Discussion in 'Bullion Investing' started by Dark Elf, Feb 11, 2019.
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With ASEs the fakes are good but the dots are slightly elongated on the reverse between the verbage. Yours doesn't show that ... but I'm no "real/fake" ASE expert.
There were threads about them on CT in the past though, you may want to search them out.
Checking the weight, size and magnetic field checks...
Welcome to CT.
On the bay.
Have a rare earth magnet, cheap insurance !
Can you explain it a little more? What exactly is it, just a magnet?
Nothing looks out of the ordinary, but photos can be deceiving, and so can really good fakes. Where you got them might help. Also, can you weigh them and/or do you have a magnet?
I see a turkey
Simply put silver DOESN'T
stick to a magnet but can be maneuvered around somewhat by a strong magnet.
A cool metal detector like this whites 6000DI with it's meter also helps distinguish between fakes without spending up $$ for a metals verifier.
Rare-earth magnets are strong permanent magnets made from alloys of rare-earth elements. Developed in the 1970s and 1980s, rare-earth magnets are the strongest type of permanent magnets made, producing significantly stronger magnetic fields than other types such as ferrite or alnico magnets. The magnetic field typically produced by rare-earth magnets can exceed 1.4 teslas, whereas ferrite or ceramic magnets typically exhibit fields of 0.5 to 1 tesla. There are two types: neodymium magnets and samarium–cobalt magnets. Magnetostrictive rare-earth magnets such as Terfenol-D also have applications, e.g. in loudspeakers. Rare-earth magnets are extremely brittle and also vulnerable to corrosion, so they are usually plated or coated to protect them from breaking, chipping, or crumbling into powder.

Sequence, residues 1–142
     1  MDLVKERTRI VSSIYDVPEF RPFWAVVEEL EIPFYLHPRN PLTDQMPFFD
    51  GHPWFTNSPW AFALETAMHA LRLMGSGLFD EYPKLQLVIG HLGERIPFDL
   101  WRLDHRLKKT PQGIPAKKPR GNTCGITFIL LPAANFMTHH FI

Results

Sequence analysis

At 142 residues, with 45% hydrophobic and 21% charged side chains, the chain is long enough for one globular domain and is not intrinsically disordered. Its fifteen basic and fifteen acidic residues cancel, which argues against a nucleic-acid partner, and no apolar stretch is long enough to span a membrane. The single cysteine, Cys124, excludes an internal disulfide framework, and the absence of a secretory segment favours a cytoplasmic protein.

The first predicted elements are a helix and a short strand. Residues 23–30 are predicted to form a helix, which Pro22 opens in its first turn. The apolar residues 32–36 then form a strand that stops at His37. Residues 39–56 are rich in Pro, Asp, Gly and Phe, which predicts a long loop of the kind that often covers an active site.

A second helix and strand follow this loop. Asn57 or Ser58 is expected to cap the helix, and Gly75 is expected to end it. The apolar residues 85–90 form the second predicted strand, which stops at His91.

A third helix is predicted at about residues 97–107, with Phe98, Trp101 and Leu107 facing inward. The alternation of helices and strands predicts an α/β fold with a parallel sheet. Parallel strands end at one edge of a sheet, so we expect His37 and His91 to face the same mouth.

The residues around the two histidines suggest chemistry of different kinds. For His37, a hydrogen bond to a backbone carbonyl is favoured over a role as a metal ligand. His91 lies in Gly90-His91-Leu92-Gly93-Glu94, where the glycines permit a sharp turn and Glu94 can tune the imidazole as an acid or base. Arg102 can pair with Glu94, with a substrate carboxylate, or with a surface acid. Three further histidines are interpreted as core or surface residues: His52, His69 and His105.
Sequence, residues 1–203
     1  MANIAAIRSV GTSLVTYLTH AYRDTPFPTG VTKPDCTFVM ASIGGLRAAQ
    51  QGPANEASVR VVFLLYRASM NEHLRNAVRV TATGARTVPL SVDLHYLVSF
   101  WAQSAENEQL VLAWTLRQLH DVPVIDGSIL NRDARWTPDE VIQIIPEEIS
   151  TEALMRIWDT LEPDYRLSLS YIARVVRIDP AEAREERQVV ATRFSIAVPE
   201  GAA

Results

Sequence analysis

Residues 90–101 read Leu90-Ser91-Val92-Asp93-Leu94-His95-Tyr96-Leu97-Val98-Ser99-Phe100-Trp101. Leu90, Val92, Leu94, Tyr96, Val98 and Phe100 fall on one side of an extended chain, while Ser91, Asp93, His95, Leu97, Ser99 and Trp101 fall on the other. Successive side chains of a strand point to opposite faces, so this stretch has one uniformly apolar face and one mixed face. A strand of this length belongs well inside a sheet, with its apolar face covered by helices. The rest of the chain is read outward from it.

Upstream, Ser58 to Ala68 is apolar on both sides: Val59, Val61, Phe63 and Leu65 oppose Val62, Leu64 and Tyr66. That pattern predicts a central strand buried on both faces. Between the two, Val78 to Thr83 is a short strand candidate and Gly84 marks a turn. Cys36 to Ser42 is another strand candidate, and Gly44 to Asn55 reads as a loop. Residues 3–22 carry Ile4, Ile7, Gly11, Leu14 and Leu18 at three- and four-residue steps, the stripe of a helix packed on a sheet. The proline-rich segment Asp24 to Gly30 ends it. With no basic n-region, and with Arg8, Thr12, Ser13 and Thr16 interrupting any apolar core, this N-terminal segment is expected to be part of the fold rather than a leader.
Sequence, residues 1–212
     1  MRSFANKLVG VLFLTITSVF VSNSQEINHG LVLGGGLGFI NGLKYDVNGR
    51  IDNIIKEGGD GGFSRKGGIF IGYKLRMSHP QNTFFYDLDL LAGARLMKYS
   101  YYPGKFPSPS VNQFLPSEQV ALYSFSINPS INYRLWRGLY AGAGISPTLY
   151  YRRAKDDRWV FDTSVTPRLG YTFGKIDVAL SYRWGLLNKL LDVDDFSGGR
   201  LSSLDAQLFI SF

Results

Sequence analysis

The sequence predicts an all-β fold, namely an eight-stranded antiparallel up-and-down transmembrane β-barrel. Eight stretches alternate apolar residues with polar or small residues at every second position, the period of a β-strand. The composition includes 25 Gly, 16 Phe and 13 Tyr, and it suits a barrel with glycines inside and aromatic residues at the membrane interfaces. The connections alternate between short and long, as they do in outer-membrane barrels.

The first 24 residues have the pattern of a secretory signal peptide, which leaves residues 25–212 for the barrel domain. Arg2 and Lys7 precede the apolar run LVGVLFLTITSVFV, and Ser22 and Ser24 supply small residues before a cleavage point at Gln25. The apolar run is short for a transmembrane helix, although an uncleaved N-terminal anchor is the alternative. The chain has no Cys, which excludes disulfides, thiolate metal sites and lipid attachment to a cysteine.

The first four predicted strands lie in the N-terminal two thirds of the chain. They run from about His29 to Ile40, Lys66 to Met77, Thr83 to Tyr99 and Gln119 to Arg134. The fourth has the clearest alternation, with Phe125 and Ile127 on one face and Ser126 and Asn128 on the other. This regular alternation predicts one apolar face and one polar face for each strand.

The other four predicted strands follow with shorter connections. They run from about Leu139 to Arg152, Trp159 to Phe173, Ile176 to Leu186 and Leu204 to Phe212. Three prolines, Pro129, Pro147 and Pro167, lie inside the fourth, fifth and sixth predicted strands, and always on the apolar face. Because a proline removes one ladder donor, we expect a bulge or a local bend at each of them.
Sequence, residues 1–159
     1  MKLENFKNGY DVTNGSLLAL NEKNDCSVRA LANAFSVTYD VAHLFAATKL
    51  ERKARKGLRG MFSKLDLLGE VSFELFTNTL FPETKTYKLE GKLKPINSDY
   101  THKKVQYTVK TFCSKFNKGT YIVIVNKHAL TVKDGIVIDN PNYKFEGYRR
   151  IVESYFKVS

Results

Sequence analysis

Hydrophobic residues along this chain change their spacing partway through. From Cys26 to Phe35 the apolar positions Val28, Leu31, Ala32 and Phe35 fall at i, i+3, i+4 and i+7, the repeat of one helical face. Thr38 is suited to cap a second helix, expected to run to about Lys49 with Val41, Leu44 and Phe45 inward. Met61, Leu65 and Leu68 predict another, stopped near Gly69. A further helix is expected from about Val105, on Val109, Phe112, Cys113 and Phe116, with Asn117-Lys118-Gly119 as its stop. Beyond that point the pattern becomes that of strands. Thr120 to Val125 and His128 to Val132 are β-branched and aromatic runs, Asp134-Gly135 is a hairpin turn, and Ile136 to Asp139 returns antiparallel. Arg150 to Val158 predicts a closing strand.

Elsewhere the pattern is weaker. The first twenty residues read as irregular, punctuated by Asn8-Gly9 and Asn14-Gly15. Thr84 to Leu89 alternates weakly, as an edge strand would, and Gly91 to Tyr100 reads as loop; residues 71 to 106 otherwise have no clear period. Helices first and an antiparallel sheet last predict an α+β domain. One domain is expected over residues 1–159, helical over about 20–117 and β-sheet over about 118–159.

The development of rare-earth magnets began around 1966, when K. J. Strnat and G. Hoffer of the US Air Force Materials Laboratory discovered that an alloy of yttrium and cobalt, YCo5, had by far the largest magnetic anisotropy constant of any material then known. The term "rare earth" can be misleading, as these metals are not particularly rare or precious; they are about as abundant as tin or lead. However rare earth ores are unevenly distributed, with the major source being China, which has led countries to classify rare earth metals as strategically important. Recent Chinese export restrictions on these materials have led other countries to initiate research programs to develop strong magnets that do not require them.
Neodymium magnets (small cylinders) lifting steel balls. As shown here, rare-earth magnets can easily lift thousands of times their own weight.
Seems fine to me, give some more detail and it will help me/us determine wether it’s fake or not.
In this case a scale will do more good than a magnet.
Ahahaha! I bought these coins in our local coin shop. 2000 russian roubles for each coin.
Reaction with magnets is good. Small magnet was falling really slowly.
Ice melts immediately. I suppose these coins are genuine.
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